Hutchins v. Lizarraga, No. 5:2017cv03921 - Document 42 (N.D. Cal. 2021)

Court Description: ORDER DENYING 30 PETITIONER'S MOTION TO VACATE COURT'S FINAL ORDER AND JUDGMENT. Signed by Judge Beth Labson Freeman on 2/1/2021. (blflc1S, COURT STAFF) (Filed on 2/1/2021)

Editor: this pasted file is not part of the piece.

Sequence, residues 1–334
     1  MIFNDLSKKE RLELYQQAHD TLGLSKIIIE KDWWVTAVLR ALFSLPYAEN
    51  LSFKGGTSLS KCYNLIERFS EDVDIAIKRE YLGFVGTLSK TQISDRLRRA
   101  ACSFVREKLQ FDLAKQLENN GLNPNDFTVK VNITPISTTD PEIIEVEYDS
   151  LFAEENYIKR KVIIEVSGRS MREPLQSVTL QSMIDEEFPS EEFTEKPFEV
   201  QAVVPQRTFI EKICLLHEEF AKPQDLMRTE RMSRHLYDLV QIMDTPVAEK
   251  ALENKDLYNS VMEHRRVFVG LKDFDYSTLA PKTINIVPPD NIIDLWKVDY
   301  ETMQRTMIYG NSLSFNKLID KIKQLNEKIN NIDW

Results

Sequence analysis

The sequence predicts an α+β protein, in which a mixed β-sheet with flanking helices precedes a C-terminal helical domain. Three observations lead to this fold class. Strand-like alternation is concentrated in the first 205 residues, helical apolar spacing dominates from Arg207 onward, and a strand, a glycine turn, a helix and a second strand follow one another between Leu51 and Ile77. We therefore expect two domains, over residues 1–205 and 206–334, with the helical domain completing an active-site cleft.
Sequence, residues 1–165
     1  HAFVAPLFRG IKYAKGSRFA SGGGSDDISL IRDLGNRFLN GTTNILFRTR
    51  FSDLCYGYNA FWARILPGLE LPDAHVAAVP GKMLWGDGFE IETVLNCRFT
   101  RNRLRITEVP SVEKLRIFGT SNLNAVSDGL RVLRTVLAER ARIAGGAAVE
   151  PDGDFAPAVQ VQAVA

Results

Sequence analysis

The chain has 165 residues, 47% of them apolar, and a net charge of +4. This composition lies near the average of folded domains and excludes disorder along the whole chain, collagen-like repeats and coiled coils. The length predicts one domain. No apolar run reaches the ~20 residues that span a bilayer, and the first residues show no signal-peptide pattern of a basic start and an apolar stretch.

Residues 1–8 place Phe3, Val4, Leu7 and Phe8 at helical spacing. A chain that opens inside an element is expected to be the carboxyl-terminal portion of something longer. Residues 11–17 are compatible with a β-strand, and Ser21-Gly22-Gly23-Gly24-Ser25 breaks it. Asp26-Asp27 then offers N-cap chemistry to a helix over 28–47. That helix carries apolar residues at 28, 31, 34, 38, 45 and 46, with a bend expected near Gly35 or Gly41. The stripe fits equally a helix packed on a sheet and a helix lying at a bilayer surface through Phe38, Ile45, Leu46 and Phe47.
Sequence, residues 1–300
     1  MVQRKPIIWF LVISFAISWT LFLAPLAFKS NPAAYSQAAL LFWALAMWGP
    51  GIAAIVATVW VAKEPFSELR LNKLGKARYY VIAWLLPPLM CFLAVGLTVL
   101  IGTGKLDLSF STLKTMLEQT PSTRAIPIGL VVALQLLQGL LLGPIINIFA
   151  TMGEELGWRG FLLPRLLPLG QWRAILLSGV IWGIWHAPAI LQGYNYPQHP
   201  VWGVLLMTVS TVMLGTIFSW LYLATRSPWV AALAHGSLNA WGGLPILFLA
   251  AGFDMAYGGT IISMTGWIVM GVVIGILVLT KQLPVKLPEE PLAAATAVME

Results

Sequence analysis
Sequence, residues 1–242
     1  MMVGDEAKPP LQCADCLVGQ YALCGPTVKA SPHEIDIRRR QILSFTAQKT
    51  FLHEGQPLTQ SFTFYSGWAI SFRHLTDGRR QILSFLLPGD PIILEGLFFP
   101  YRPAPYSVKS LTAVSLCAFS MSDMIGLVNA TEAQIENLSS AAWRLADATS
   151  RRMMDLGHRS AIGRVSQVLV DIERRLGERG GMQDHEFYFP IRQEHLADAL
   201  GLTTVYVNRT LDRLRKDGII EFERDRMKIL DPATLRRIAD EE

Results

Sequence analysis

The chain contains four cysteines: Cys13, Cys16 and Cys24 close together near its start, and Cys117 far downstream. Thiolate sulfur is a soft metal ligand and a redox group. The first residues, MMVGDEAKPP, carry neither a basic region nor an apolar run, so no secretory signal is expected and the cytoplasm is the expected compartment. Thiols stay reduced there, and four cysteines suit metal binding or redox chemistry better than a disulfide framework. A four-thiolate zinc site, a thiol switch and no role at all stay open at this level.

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1 2 3 UNITED STATES DISTRICT COURT 4 NORTHERN DISTRICT OF CALIFORNIA 5 SAN JOSE DIVISION 6 7 KENNETH HUTCHINS, Case No. 17-cv-03921-BLF Petitioner, ORDER DENYING PETITIONER’S MOTION TO VACATE COURT’S FINAL ORDER AND JUDGMENT 8 v. 9 10 JOE A. LIZARRAGA, Warden, [Re: ECF 30] Respondent. United States District Court Northern District of California 11 12 13 Before the Court for a second time is Petitioner Kenneth Hutchins’ Motion to Vacate the 14 Court’s Final Order and Judgment, brought under Federal Rules of Civil Procedure 59(e) and 15 60(b). See Mot., ECF 30. Petitioner filed the motion on April 27, 2020, asserting that new 16 evidence of actual innocence warrants relief from the Court’s adverse habeas ruling and entry of 17 judgment on March 30, 2020. See id. Respondent filed opposition. See Opp., ECF 31. The 18 Court deemed the motion appropriate for decision without oral argument, determined that it raises 19 a new claim for habeas relief based on actual innocence, and denied it as an unauthorized second 20 or successive habeas petition. See Order Den. Mot., ECF 32. 21 Petitioner filed a timely notice of appeal as to both the judgment and the post-judgment 22 order denying his motion to vacate. See Ninth Cir. Order, ECF 35. The United States Court of 23 Appeals for the Ninth Circuit remanded the case, noting that “[s]hortly after the district court 24 entered its post-judgment order, the United States Supreme Court issued its opinion in Banister v. 25 Davis, __ U.S. __, 140 S. Ct. 1698 (2020), holding that a Rule 59(e) motion is not a second or 26 successive habeas petition.” Id. The remand is for the limited purpose of allowing this Court to 27 reconsider Petitioner’s post-judgment motion. See id. 28 Petitioner’s motion is DENIED for the reasons discussed below. I. 1 A California state court jury convicted Petitioner of several sex offenses against his eight- 2 3 year-old great niece, Zoe,1 and possession of child pornography. See People v. Hutchins, No. 4 A141037, 2016 WL 369800, at *1 (Cal. Ct. App. Jan. 29, 2016). He was sentenced to a prison 5 term of 55 years to life, plus 8 years and 8 months. See id. After filing an unsuccessful direct 6 appeal and petition for review, Petitioner filed a counseled federal habeas petition to commence 7 the present action. See Pet., ECF 1. The petition asserts four claims relating to the admission of 8 evidence, ineffective assistance of counsel, failure to properly instruct the jury, and prosecutorial 9 misconduct. See id. at 10-21. This Court denied the petition and entered judgment against 10 Petitioner on March 30, 2020. See Order Denying Pet., ECF 28; Judgment, ECF 29. Petitioner thereafter filed the present motion, asserting that relief from the Court’s habeas 11 United States District Court Northern District of California BACKGROUND 12 denial and entry of judgment is warranted under Rules 59(e) and 60(b). The motion asserts that 13 new evidence of actual innocence has been unearthed. The first piece of purportedly new 14 evidence is a transcript of a hearing conducted by the state superior court in October 2019 – five 15 months before this Court entered judgment – regarding the prosecution’s post-conviction motion 16 for additional victim restitution. See Fahn Decl. ¶ 3 & Exh. 1, ECF 30-1. Petitioner opposed the 17 motion and testified that he had not molested Zoe. See id. The superior court imposed the 18 requested additional restitution. See Fahn Decl. ¶ 4. Petitioner nonetheless contends that the 19 hearing transcript is significant because it contains his only sworn testimony that he did not molest 20 Zoe, as he did not testify at trial. See Mot. at 5, ECF 30. The second piece of purportedly new evidence is information that Petitioner suffers from a 21 22 neurological condition. See Fahn Decl. ¶ 9. Petitioner’s counsel in the present action, Meredith 23 Fahn, obtained that information from attorney Barry Karl, who was appointed in 2019 to represent 24 Petitioner as to his appeal of the superior court’s order for additional restitution and as to state 25 habeas proceedings. See Fahn Decl. ¶¶ 7-9. On April 24, 2020, Mr. Karl told Ms. Fahn that 26 Petitioner was treated from 2007 through his arrest in 2013 for a neurological condition resulting 27 28 1 The Court refers to the victim by only her first name in order to protect her privacy and means no disrespect by the informality. 2 United States District Court Northern District of California 1 from a head injury; Petitioner took medication; and Petitioner suffered headaches and difficulty 2 with memory. See id. ¶ 9. Petitioner contends that his neurological condition could explain why 3 he shaved off his body hair after the prosecution obtained a court order to take a hair sample for 4 comparison with a human hair found on Zoe’s genital area. See Mot. at 6, ECF 30. He also 5 contends that his neurological condition could explain why he did not testify at trial and why he 6 had tapes containing child pornography in his home. See id. 7 The third piece of purportedly new evidence is a transcript of the police station interview 8 of Petitioner on January 16, 2013, the date of his arrest. See Fahn Decl. ¶ 12. Mr. Karl obtained 9 the transcript from the file of Petitioner’s trial counsel, and emailed it to Ms. Fahn, who had not 10 previously seen the transcript. See id. According to Petitioner, the transcript “relays what appears 11 to be genuine cluelessness as to why Mr. Hutchins was roused from his bed and brought to the 12 station, as well as his utter willingness to cooperate and apparent lack of anything to hide.” Mot. 13 at 13, ECF 30. 14 Based on this evidence, Petitioner asks the Court to vacate its order denying his habeas 15 petition, vacate the judgment, and impose a stay of proceedings pending conclusion of state habeas 16 proceedings. The Court initially denied the motion as a second or successive habeas petition, as it 17 raises an entirely new claim of actual innocence. See Order Den. Mot., ECF 32. With respect to 18 Petitioner’s request for relief under Rule 59(e), the Court relied on Ninth Circuit authority holding 19 that “a Rule 59(e) motion that raises entirely new claims should be construed as a second or 20 successive habeas petition subject to AEDPA’s restrictions.” Rishor v. Ferguson, 822 F.3d 482, 21 492 (9th Cir. 2016). With respect to Petitioner’s request for relief under Rule 60(b), the Court 22 relied on Supreme Court authority that using Rule 60(b) to present “new evidence” “would 23 impermissibly circumvent the requirement that a successive habeas petition be precertified by the 24 court of appeals as falling within the exception to the successive-petition bar.” Gonzalez v. 25 Crosby, 545 U.S. 524, 532 (2005). 26 As noted above, after this Court denied Petitioner’s motion, the Supreme Court held that a 27 Rule 59(e) motion may not be construed as a second or successive habeas petition. See Banister, 28 140 S. Ct. at 1702. The Ninth Circuit accordingly remanded Petitioner’s motion to this Court for 3 1 reconsideration. Nothing in Bannister or the Ninth Circuit’s remand suggests that this Court’s 2 denial of Petitioner’s request for relief under Rule 60(b) was improper. To the contrary, Bannister 3 distinguishes Rule 59(e) motions from Rule 60(b) motions and explains why “[a] Rule 59(e) 4 motion, unlike a Rule 60(b) motion, does not count as a second or successive habeas application.” 5 Bannister, 140 S. Ct. at 1711. This Court therefore reconsiders Petitioner’s motion only to the 6 extent it seeks relief under Rule 59(e). United States District Court Northern District of California 7 II. LEGAL STANDARD 8 “Rule 59(e) allows a litigant to file a ‘motion to alter or amend a judgment.’” Bannister, 9 140 S. Ct. at 1703. The purpose of the rule is to allow the district court “the chance to rectify its 10 own mistakes in the period immediately following its decision.” Id. (quotation marks and citation 11 omitted). “In keeping with that corrective function,” federal courts generally use Rule 59(e) only 12 to address “matters properly encompassed in a decision on the merits,” and “will not address new 13 arguments or evidence that the moving party could have raised before the decision issued.” Id. 14 (quotation marks and citation omitted). “The motion is therefore tightly tied to the underlying 15 judgment.” Id. 16 “Since specific grounds for a motion to amend or alter are not listed in the rule, the district 17 court enjoys considerable discretion in granting or denying the motion.” Allstate Ins. Co. v. 18 Herron, 634 F.3d 1101, 1111 (9th Cir. 2011) (quotation marks and citation omitted). “In general, 19 there are four basic grounds upon which a Rule 59(e) motion may be granted: (1) if such motion is 20 necessary to correct manifest errors of law or fact upon which the judgment rests; (2) if such 21 motion is necessary to present newly discovered or previously unavailable evidence; (3) if such 22 motion is necessary to prevent manifest injustice; or (4) if the amendment is justified by an 23 intervening change in controlling law.” Id. 24 A prisoner may use Rule 59(e) to seek relief from denial of a habeas petition, but “only to 25 request reconsideration of matters properly encompassed in the challenged judgment.” Bannister, 26 140 S. Ct. at 1708 (quotation marks and citation omitted). “And ‘reconsideration’ means just that: 27 Courts will not entertain arguments that could have been but were not raised before the just-issued 28 decision.” Id. “A Rule 59(e) motion is therefore backward-looking; and because that is so, it 4 1 maintains a prisoner’s incentives to consolidate all of his claims in his initial application.” Id. 2 “The motion’s disposition then merges into the final judgment,” in that manner helping to 3 “produce a single final judgment for appeal.” Id. III. United States District Court Northern District of California 4 DISCUSSION 5 Petitioner asserts that relief is necessary to allow consideration of newly discovered 6 evidence, discussed above, that was previously unavailable. He also asserts that relief is necessary 7 to prevent manifest injustice. He asks the Court to vacate its order denying his habeas petition, 8 vacate the judgment, and enter a King/Kelly2 stay pending completion of state habeas proceedings. 9 In opposition, the Government argues that the proffered evidence is not newly discovered or 10 previously unavailable. The Government also argues that Petitioner has not demonstrated that 11 relief is required to prevent manifest injustice. The Court agrees with the Government that the proffered evidence does not qualify as 12 13 newly discovered or previously unavailable. With respect to the transcripts of the October 2019 14 restitution hearing and the January 2013 police interview, both could have been obtained by 15 Petitioner’s counsel prior to entry of judgment in this case. Moreover, the information contained 16 in those transcripts – that Petitioner denied molesting Zoe – is not new. Petitioner pled not guilty 17 and pursued a trial strategy of actual innocence. That he took the same position during his police 18 interview and a post-conviction restitution hearing proves nothing. Moreover, while Petitioner’s neurological condition apparently came as news to his current 19 20 habeas counsel, Petitioner himself was aware of his condition, for which he obtained medical 21 treatment from 2007-2013. See Fahn Decl. ¶ 9, ECF 30-1. The transcript of Petitioner’s police 22 interview on January 16, 2013, the date of his arrest, reflects that Petitioner told the police about 23 his head injury, medication, headaches, and memory issues. See Fahn Decl. Exh. 4, Tr. 23:7- 24 24:16, ECF 30-1. Petitioner’s trial counsel’s file included an investigator’s memorandum 25 documenting an interview with Petitioner’s mother, Barbara Hutchins, in which she disclosed 26 Petitioner’s head injury, medications, headaches, and memory issues. See Fahn Decl. ¶ 10 & Exh. 27 28 2 See King v. Ryan, 564 F.3d 1133 (9th Cir. 2009); Kelly v. Small, 315 F.3d 1063 (9th Cir. 2003). 5 1 3, Memo., ECF 30-1. Evidence of Petitioner’s neurological condition therefore could have been 2 presented to this Court prior to entry of judgment. 3 4 previously unavailable, it would not warrant relief from judgment. As the Government points out, 5 Petitioner has never denied knowing or remembering what happened between him and his great 6 niece. Petitioner suggests that his neurological condition could explain why he shaved off his 7 body hair, did not testify at trial, and had tapes containing child pornography in his home. 8 However, it is entirely unclear how a condition causing headaches and memory issues could have 9 caused the conduct at issue. 10 United States District Court Northern District of California Even if the evidence of Petitioner’s neurological condition were newly discovered or Finally, Petitioner has failed to show that Rule 59(e) relief is necessary to prevent manifest 11 injustice. Petitioner argues that the proffered evidence, and other evidence that may result from 12 investigation by his state habeas counsel, may support a new claim of actual innocence. He asks 13 the Court to vacate its order denying habeas relief, vacate the judgment, and grant a King/Kelly 14 stay. In King v. Ryan, 564 F.3d 1133 (9th Cir. 2009), and Kelly v. Small, 315 F.3d 1063 (9th Cir. 15 2003), overruled on other grounds by Robbins v. Carey, 481 F.3d 1143 (9th Cir. 2007), the Ninth 16 Circuit articulated a three-step procedure for addressing mixed habeas petitions. That procedure 17 permits “(1) a petitioner to amend his petition to delete any unexhausted claims; (2) the court in its 18 discretion to stay and hold in abeyance the amended, fully exhausted petition, providing the 19 petitioner the opportunity to proceed to state court to exhaust the deleted claims; and (3) once the 20 claims have been exhausted in state court, the petitioner to return to federal court and amends his 21 federal petition to include the newly-exhausted claims.” King, 564 F.3d at 1139. The King/Kelly 22 procedure simply does not fit the posture of this case, in which the habeas petition has been denied 23 and judgment has been entered. Petitioner has not cited any case in which a district court granted 24 a Rule 59(e) motion for the purpose of imposing an immediate King/Kelly stay to allow 25 development of a potential new habeas claim. Assuming a King/Kelly stay could be used for that 26 purpose, Petitioner has not demonstrated a colorable claim of actual innocence on this record, nor 27 has he shown that such a claim is likely to result from the state habeas proceedings. Thus, he has 28 not shown that relief is necessary to prevent manifest injustice. 6 In conclusion, after considering Petitioner’s motion on the merits, the Court finds that 1 2 Petitioner has failed to demonstrate that relief is warranted under Rule 59(e). Specifically, the 3 Court finds that Petitioner has failed to show that relief is necessary either to allow consideration 4 of newly discovered evidence that was previously unavailable, or to prevent manifest injustice. 5 6 IV. ORDER Petitioner’s Motion to Vacate the Court’s Final Order and Judgment is DENIED. 7 8 9 Dated: February 1, 2021 ______________________________________ BETH LABSON FREEMAN United States District Judge 10 United States District Court Northern District of California 11 12 13 14 15 16 17 18 19 20 21 22 23 24 25 26 27 28 7